Premier's profits did not exceed the baseline level at any time during the contract term, so IMM was not contractually entitled to any payment for its work. See ECF No. 55 at 17, ¶ 24; ECF No. 108, Ex. 1, ¶ 10. However, Premier decided to pay IMM $15, 000 every month for its services anyway. ECF No. 1, ¶ 23; ECF No. 55 at 17, ¶¶ 23-25. On April 23, 2014 Premier's board of managers held a meeting and ratified these payments. ECF No. 108, Ex. 5; ECF No.110, Ex. 5. The meeting's minutes state:

Motion was made by Dan Kopacz to forgive 2013 management shortfall under the management contract, pay IMM $15, 000 per month through December 31, 2014 consistent with what IMM has been being [sic] paid without additional true-up under the contract . . . . Motion seconded by John Pak and approved unanimously. Discussion included agreeing to go back to contract calculation in 2015 once all cost-cutting measures had been implemented.

ECF No. 108, Ex. 5.

         In April 2014, with more than a year left in IMM's initial term managing Premier's facilities, Premier considered merging with Audubon Ambulatory Surgery Center. ECF No. 1, ¶ 21; ECF No. 55 at 4, ¶ 21. A non-binding letter of intent indicated that SCA rather than IMM would provide management services to the merged entity. ECF No. 1, ¶¶ 24-25; ECF No. 55 at 4, ¶ 25; ECF No. 112, Ex. 3, § 3(d). The letter further stated that Audubon and Premier “shall mutually agree upon the terms and conditions by which the Management Agreement between Premier and [IMM] would be terminated.” ECF No. 112, Ex. 3, § 4(d). Premier's board of managers, including IMM's representative, signed this letter of intent. ECF No. 112, Ex. 3, at 7. SCA subsequently offered to buy out the remainder of IMM's management contract with Premier, but IMM rejected the offer. ECF No. 1, ¶ 27; ECF No. 55 at 4, ¶ 27.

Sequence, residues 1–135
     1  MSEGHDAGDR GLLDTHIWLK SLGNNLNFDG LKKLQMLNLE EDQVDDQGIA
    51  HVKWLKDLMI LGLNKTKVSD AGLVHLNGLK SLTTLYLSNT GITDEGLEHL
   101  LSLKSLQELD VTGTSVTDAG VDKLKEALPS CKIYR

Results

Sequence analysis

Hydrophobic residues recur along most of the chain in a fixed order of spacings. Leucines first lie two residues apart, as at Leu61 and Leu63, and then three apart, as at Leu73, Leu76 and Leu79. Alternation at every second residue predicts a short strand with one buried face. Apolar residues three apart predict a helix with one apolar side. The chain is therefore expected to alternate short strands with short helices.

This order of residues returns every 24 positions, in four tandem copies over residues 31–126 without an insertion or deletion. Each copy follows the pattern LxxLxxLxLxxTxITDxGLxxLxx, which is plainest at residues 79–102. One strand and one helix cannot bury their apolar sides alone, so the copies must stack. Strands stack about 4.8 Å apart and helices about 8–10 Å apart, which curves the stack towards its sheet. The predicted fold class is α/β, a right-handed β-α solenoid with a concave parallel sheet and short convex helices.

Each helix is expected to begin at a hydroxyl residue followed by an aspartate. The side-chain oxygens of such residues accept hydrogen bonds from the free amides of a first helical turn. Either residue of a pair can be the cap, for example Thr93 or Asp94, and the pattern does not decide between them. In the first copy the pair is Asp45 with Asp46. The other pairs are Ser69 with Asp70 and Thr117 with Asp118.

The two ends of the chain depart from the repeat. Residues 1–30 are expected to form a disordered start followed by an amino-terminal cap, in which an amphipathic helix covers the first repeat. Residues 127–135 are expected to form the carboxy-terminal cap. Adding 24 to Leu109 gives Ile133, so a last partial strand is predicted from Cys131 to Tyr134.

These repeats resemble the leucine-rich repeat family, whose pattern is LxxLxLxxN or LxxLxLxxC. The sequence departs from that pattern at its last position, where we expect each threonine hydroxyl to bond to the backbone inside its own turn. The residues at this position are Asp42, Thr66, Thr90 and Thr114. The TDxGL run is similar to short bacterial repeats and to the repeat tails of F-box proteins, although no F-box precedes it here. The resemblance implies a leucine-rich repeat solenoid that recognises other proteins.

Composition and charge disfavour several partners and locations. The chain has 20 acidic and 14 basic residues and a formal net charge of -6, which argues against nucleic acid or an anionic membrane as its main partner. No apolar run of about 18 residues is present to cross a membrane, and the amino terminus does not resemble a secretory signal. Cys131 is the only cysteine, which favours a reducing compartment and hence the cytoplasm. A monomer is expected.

With negotiations unsuccessful, Premier's board of managers invoked Section 8.02(c) to terminate the management agreement with IMM. On March 3, 2015 Premier sent IMM a notice to terminate the agreement 120 days later on July 1, 2015. ECF No. 55 at 20, ¶¶ 36-37; ECF No. 108, Ex. 7.

         B. Procedural History.

         IMM filed this action on October 9, 2015. ECF No. 1. IMM argues that Premier breached their contract and breached the duty of good faith and fair dealing by terminating the management agreement despite the April 23, 2014 board meeting's amendment. Id. ¶¶ 39-53. IMM also contends that SCA's involvement in Premier's termination of the management agreement makes it liable for intentional interference with IMM's contract, intentional interference with IMM's prospective business relations, unjust enrichment at IMM's expense, and civil conspiracy to commit these wrongful acts. Id. ¶¶ 54-67, 72-75.

         Defendants submitted counterclaims against IMM on December 28, 2015 and amended these counterclaims on February 26, 2016. ECF Nos. 18, 55. Premier maintains that it was IMM who breached the contract or, in the alternative, was unjustly enriched by failing to provide required services, failing to repay money owed to Premier, failing to pay for Mr. Nichols's health benefits, and improperly delegating tasks it was obligated to perform without paying for their performance. ECF No. 55, ¶¶ 42-51. SCA similarly argues that IMM was unjustly enriched by having SCA perform services without compensation that IMM was supposed to perform under the management agreement. Id. ¶¶ 52-56.

         At the close of discovery, IMM filed a motion for partial summary judgment against Premier while Premier and SCA each submitted a motion for summary judgment on every one of IMM's claims. ECF Nos. 108, 110, 112.


         The Court may grant summary judgment if “there is no genuine dispute as to any material fact and the movant is entitled to judgment as a matter of law.” Fed.R.Civ.P. 56(a). The moving party has the burden to show that there is an absence of evidence to support the nonmoving party's case. Celotex Corp. v. Catrett, 477 U.S. 317, 325 (1986). The nonmoving party must “designate specific facts showing that there is a genuine issue for trial.” Id. at 324. A fact is material “if under the substantive law it is essential to the proper disposition of the claim.” Adler v. Wal-Mart Stores, Inc., 144 F.3d 664, 670 (10th Cir. 1998). A material fact is genuine if “the evidence is such that a reasonable jury could return a verdict for the nonmoving party.” Anderson v. Liberty Lobby, Inc., 477 U.S. 242, 248 (1986). The Court ...